LEOPARD 1 MBT gallery 1

(German Leopard 1 image). After extensive testing of the first 50 pre-series Leopard MBTs, the vehicle was finally ready to be built in large numbers, delivering the first units in September 1965. Externally, the rear of the hull had to be modified to get more space for the engine and to reposition some of the radiators. The turret was also new, taller with two protrusions, one on each side, where two optics elements for triangulation were installed. These elements were part of the new optical range-finding system that greatly improved the accuracy of the gun. Finally, the new battle tank entered service with a weight of 40 tons and a unit cost of 250,000 dollars.
(German Leopard 1 image). The entire family of Leopard 1 vehicles were manufactured by the companies Krauss-Mafei and MaK (Maschinenbau Kiel GmbH). Krauss-Mafei built almost all Leopard 1 battle tanks and some specialized vehicles, and MaK built almost all specialized variants and very few battle tanks. The German production lines were closed in 1979, but reopened in 1981 to meet orders from Greece and Turkey. In Italy OTO-Melara was commissioned to manufacture 720 Leopard 1A2, 67 Bergepanzer 2 ARV and 28 Pionierpanzer PiPz-1 AEV for the Italian Army. In addition, it also assembled the 64 Biber bridge launchers purchased in Germany.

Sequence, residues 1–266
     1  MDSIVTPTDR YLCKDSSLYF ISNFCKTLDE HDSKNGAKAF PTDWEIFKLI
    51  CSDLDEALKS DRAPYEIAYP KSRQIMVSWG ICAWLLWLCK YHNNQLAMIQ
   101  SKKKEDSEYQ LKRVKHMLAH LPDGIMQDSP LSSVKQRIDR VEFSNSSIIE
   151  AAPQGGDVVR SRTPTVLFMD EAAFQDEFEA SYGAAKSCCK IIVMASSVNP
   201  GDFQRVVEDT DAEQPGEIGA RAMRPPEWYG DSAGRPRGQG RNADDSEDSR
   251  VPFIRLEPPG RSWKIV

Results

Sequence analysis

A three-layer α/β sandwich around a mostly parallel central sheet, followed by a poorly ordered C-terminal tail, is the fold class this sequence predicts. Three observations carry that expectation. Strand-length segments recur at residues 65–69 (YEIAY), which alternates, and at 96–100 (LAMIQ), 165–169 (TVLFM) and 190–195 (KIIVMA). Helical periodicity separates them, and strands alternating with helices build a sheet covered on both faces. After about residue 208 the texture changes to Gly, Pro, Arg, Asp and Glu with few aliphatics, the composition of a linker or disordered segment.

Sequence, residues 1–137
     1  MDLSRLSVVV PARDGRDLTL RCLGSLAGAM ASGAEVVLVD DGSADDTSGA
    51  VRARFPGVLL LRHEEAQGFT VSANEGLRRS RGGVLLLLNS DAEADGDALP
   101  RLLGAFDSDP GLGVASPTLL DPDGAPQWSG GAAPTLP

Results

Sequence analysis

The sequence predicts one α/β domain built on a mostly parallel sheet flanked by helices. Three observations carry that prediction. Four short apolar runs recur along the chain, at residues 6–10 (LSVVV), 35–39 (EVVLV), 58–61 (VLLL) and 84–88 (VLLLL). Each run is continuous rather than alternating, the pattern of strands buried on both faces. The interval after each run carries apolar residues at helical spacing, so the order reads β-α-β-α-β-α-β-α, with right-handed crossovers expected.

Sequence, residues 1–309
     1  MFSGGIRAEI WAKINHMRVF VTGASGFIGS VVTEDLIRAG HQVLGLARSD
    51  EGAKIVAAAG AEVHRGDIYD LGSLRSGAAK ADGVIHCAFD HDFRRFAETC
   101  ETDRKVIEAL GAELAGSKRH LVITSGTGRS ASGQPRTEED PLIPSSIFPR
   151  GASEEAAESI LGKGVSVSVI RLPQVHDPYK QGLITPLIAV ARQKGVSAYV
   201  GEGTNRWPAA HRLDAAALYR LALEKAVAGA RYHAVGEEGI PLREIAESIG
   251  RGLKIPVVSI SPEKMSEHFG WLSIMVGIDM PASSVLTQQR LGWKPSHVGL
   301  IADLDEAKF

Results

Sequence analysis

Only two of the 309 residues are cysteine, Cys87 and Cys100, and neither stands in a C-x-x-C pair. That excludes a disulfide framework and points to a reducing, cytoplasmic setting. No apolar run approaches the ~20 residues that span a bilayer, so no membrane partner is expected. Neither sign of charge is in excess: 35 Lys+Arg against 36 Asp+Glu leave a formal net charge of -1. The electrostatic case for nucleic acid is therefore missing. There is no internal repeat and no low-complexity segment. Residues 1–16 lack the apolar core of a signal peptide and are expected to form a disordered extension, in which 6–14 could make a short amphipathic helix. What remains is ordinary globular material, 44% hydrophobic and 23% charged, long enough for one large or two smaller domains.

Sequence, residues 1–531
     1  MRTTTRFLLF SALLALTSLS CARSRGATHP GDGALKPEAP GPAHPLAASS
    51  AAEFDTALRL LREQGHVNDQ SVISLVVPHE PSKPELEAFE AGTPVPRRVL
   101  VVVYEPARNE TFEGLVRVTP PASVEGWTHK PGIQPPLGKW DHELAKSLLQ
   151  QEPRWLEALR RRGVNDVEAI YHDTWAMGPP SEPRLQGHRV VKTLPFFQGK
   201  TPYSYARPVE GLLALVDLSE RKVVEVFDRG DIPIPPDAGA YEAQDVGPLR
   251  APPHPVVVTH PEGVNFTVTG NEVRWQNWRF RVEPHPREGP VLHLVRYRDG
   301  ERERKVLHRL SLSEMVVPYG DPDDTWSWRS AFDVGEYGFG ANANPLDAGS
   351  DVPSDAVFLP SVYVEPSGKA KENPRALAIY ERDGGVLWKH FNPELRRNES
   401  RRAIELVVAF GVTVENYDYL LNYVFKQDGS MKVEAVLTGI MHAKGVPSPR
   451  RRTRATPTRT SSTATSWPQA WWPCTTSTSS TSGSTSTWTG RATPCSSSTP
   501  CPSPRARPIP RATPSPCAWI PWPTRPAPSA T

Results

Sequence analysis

(German Leopard 1 image). The new Leopard 1 was a tank with a conventional internal layout. The driver was located at the front of the hull, moved to the right to make room for the ammunition stored in the hull. Behind it was the fighting compartment with the turret in the center, and at the rear of the hull was the engine and transmission compartment. The tank was operated by 4 crew members, driver, loader/radio operator, gunner and commander, the last three being located inside the turret. The loader was to the left of the gun and the gunner opposite on the right with the commander behind him. The crew accessed the vehicle through 3 hatches, one located in the hull for the driver, and two located in the turret’s roof, one on each side of the gun. There was also a belly escape hatch behind the driver’s seat.
(German Leopard 1 image). The driver had 3 observation periscopes for a 130º arc of vision, the center one replacable by an image-intensifier or infra-red sight. The loader had two fixed periscopes and the gunner had a TEM 2A rangefinder with magnification of x8 and x16. It also had a TZF 1A telescope with magnification of x8 mounted coaxially with the gun, a B-171 IV infra-red target acquisition sight and an extra periscope. The commander had 7 periscopes for all-around observation, one of which could be exchanged for an image intensifier for night observation. It also had a TRP-2A turret surveillance periscope with magnification of x6 up to x20 as observation, range-finder and target acquisition device. This element can be exchanged with an infrared sight for night observation.